Wednesday, November 28, 2012

Masters or Slaves

From Colin Brezicki of St. Catharines in an Ontario newspaper article titled 'Books not read': -

"As an English teacher, I sympathize with essayist Robert Costanzo’s  fear that 'deep, prolonged reading is losing its relevance'. My own take on students’ apathy to reading literary fiction is that they are now empowered by their technology, able to traverse the cyber universe with the swipe of a finger, while reading fiction has always required a surrender of the imagination to the writer. Empowered and entitled 'digital natives' are not hardwired for surrender.

In the new cyber culture of instant gratification, distraction and multitasking, the literary imagination takes too long, is too slow and unwavering, and so it will shrivel from lack of use. Or, at the least, become a vestigial organ, an appendix.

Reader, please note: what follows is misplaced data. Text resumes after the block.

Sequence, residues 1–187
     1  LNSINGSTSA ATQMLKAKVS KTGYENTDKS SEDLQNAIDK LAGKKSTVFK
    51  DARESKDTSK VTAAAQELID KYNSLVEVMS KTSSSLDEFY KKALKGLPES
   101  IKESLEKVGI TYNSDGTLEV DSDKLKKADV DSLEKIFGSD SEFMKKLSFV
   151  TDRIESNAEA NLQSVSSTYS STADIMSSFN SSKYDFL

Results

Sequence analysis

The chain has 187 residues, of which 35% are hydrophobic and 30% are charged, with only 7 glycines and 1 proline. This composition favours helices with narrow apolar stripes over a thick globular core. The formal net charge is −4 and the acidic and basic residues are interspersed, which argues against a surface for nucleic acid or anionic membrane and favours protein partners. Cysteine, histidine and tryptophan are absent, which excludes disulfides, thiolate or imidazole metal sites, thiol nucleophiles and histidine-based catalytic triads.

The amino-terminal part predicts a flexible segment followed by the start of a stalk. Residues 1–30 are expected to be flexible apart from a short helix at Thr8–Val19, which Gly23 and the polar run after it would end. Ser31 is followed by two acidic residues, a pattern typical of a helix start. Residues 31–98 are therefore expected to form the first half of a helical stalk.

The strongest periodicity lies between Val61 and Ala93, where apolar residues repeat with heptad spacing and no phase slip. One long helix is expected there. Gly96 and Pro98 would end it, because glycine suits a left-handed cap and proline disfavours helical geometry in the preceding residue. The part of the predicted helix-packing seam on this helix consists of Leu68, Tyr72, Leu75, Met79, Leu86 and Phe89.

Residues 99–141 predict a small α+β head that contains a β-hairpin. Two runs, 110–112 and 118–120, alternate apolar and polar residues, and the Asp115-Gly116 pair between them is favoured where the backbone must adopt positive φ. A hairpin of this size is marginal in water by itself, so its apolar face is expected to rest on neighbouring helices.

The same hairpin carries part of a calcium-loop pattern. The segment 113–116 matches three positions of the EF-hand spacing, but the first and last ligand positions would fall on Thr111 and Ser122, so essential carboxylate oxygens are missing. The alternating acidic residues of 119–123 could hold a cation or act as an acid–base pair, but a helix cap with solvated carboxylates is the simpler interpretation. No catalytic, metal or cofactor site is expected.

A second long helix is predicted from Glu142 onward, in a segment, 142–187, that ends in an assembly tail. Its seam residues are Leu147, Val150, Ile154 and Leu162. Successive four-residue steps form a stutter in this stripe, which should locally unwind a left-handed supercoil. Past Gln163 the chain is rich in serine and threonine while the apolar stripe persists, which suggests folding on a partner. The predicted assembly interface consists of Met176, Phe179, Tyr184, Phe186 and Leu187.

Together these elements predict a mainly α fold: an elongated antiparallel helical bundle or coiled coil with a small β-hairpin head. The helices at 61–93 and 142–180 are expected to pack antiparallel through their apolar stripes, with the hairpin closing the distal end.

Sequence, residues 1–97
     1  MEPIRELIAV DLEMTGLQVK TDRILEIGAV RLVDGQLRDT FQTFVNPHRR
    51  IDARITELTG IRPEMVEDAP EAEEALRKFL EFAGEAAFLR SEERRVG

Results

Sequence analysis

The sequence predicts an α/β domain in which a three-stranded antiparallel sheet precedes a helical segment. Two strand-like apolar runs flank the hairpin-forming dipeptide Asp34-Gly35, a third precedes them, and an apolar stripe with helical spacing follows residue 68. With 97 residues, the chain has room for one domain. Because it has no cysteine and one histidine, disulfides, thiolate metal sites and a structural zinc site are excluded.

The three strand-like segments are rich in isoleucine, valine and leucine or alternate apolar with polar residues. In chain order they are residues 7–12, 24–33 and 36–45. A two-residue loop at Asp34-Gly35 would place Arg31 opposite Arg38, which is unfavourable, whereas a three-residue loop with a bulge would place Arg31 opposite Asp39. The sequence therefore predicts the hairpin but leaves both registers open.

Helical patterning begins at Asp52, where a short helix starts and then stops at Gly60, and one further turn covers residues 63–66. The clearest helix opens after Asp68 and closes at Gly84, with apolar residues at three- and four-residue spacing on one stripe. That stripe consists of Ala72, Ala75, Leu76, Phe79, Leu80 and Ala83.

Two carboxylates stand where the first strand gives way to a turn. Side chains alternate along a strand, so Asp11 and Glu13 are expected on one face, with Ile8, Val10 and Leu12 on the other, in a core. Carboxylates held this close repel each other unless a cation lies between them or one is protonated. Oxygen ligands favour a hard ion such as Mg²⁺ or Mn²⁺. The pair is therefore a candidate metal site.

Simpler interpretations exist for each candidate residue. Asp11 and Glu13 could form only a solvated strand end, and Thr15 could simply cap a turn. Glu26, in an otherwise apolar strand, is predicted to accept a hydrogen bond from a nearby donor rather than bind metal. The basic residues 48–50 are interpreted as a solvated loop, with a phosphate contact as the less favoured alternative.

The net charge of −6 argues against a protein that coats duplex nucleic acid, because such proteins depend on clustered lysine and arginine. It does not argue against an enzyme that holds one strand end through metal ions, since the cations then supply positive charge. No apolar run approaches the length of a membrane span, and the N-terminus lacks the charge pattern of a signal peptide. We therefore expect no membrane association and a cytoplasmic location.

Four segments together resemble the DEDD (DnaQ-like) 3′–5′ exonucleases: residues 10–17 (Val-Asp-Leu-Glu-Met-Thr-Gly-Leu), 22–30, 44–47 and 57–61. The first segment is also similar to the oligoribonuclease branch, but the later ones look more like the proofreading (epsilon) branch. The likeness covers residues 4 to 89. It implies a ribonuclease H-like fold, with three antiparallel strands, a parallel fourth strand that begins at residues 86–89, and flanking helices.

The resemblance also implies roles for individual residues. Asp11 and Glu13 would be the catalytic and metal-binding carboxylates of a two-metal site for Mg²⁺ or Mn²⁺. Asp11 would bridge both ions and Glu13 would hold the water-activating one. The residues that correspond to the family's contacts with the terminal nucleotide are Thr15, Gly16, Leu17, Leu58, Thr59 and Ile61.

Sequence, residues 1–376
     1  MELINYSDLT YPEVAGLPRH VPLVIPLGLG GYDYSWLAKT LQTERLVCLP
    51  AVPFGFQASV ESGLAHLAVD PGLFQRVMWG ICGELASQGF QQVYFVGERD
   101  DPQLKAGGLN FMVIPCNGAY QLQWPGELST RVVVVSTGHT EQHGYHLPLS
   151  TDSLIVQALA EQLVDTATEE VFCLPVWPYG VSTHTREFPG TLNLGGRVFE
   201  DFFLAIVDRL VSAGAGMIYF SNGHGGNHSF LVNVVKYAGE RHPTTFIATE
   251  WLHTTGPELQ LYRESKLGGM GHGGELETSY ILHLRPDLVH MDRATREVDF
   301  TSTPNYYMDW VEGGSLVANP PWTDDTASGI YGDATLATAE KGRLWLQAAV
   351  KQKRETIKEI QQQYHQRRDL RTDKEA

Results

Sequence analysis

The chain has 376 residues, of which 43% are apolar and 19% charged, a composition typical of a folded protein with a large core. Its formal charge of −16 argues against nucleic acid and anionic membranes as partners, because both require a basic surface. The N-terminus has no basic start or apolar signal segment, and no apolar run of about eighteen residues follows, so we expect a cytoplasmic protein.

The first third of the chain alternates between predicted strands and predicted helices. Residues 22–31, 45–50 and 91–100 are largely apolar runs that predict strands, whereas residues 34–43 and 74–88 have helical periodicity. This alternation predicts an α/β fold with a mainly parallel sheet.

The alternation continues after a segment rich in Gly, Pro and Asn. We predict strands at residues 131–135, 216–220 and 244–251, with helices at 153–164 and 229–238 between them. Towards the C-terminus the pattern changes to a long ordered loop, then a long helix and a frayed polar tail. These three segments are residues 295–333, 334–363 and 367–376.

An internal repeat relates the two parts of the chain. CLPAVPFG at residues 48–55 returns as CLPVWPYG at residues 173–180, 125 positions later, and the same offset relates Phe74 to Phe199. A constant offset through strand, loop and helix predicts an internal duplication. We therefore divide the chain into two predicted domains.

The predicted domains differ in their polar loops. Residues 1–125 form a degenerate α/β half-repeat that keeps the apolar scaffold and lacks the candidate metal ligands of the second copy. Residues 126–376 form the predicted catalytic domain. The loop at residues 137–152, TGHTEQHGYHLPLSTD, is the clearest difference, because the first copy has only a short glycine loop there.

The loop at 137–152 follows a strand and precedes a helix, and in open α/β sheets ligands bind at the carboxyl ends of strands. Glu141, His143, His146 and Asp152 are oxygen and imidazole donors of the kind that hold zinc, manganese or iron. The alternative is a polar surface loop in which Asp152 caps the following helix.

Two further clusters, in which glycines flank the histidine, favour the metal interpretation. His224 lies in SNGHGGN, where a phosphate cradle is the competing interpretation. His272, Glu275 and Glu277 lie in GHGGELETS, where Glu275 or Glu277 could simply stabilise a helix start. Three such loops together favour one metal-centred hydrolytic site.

The irony, of course, is that the masters of technology are also its slaves, a paradox that literary fiction has explored from many angles. But no one goes there any more."

Great books that require "deep and prolonged reading" may sometimes be made into movies. Sometimes the result works, like 'Lord of the Rings' or the 'Life of Pi'; other times it doesn't so well. It seemed to me that the recent release 'Midnight's Children' was in the latter camp. Salman Rushdie's droll, meandering prose doesn't really work as a picture. Much of the wit and whimsy is lost. One needs to linger over his text as with any great writing. Is the rising generation learning how to linger over anything? Devote single-minded attention to one thing for hours at a time?  Be master of their time and attention?

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